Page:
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Swansea Regeneration Bosses Must Redraft Rulebook to Bolster SMEs

The Managing Director of the largest private self storage company in Wales is calling for more to be done to put SMEs at the heart of Swanseas regeneration if a true renaissance is to be seen.

Swansea Regeneration Bosses Must Redraft Rulebook to Bolster SMEs

"As someone who has long been keen to invest further in Swansea I know from experience how difficult it can be to bring such transactions to fruition."
Simon Williams, Managing Director of Storage Giant

Simon Williams, the Managing Director of Storage Giant, which has nine sites across the UK, with five in Wales, including one in Swansea’s Enterprise Park, says those at the helm of Swansea’s regeneration must grasp this once in a generation opportunity to make small business a key, long-term focus of its plans – and, in doing so, to future-proof the city’s economy.

And, he says, the Welsh Government must do its part to help, not hinder, sensible development that would create employment and local prosperity and would send out a clear message that South West Wales welcomes entrepreneurs.

Simon says: “As someone who has long been keen to invest further in Swansea I know from experience how difficult it can be to bring such transactions to fruition. I have been looking seriously since 2012 to make further significant investment in Swansea – including a site at Fabian Way that had the potential to create hundreds of jobs for people from Swansea, Neath and Port Talbot.

“Our original offer for the Fabian Way site was accepted by the WAG, but the transaction didn’t go ahead because of red tape and delays. In fact, the Welsh Government is sitting on a lot of land and buildings both in Swansea and elsewhere, like Nantgarw, which could have been developed years ago for the good of the local economy.

“I have now been prompted to cast my net wider, looking for other potential sites in Bridgend and Merthyr, and further afield in Birmingham and Swindon. As we speak Storage Giant is developing a major site in Bristol and we have three more in the pipeline beyond South Wales. I won’t be the only business investor who has gone elsewhere because of sluggish bureaucracy within Government agencies and the problem of developers sitting on tracts of land long-term, in the expectation of the value of the land increasing.

“Although Storage Giant is one of the largest operators in the UK, we are still a relatively small business in comparison to other large players and therefore require support in certain forms. This is usually by way of assistance with locating suitable sites and/or buildings for development.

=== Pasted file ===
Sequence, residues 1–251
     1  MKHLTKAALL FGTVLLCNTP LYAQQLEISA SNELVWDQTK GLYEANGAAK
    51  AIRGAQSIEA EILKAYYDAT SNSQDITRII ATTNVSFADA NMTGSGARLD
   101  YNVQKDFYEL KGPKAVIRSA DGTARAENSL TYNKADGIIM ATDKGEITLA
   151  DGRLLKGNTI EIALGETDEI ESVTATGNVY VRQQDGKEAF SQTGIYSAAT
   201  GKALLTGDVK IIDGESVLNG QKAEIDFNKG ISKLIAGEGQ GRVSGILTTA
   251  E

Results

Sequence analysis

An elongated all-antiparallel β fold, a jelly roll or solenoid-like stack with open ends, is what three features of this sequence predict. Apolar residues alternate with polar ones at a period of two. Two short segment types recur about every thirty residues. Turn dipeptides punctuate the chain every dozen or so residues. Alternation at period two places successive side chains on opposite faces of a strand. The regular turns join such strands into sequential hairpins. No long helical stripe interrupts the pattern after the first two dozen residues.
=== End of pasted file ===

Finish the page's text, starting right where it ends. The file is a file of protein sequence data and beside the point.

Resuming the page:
“Many don’t realise that businesses like ours are significant incubators of other small businesses who use our facilitates to maintain logistical freedom with their start up or small business. Facilities like ours remove some of the financial pressures from entrepreneurs, prompting start-ups to take the leap into business that they might otherwise not have taken because of onerous long-term leases, and prohibitively high rent and rates.

“The freedom we offer entrepreneurs simply didn’t exist before firms like Storage Giant focused on commercial customers. We have had this focus from the start of the business, back in 2007, before the financial crisis hit, and we have maintained this same focus – always providing support for small business owners and start-ups at every location we open.

“The site on Fabian Way would have been a good option for my business and it would have been ideal for the start ups we could support within the site. Instead, it has been a real challenge to locate buildings and/or land. I certainly don’t like to be critical of the Welsh Government, but much more could have been done to free up available land for companies such as ours who have been ready to invest large sums especially through a period when employment generation is needed.

“Having said this, I run centres across the country, so I have a lot of experience with planning departments, and I feel that Swansea Council planners have grasped the nettle. They have understood that unnecessary delays undermine the regeneration of the city as a whole. We feel that Swansea Council is more supportive than some other councils around the UK.

“But there is a chance for a wholesale shift in thinking now – a redrafting of the rule-book.  Small business is the lifeblood of the Welsh economy – According to Welsh Government figures, of the 238,200 firms operating in Wales, 99.3 percent are classified as small and medium-sized businesses.

“Everything that can be done must be done to support entrepreneurs to set up in Swansea and to stay here once their business begins to grow. So, making sure start ups have access to credible long-term support and an active network of business services, giving those who run small businesses a variety of residential accommodation options within the city centre, strong transport links, looking again at business rates so the playing field between physical business and online firms can be leveled, and working to attract far more non retail, will help.

“A report published last month by the think tank Centre for Cities* clearly showed that successful city centres have more than three times more office than retail space. Much work needs to be done to make Swansea city centre a viable option for professional services, legal, IT and tech firms, by offering quality, flexible office space in an easy-to-use city.”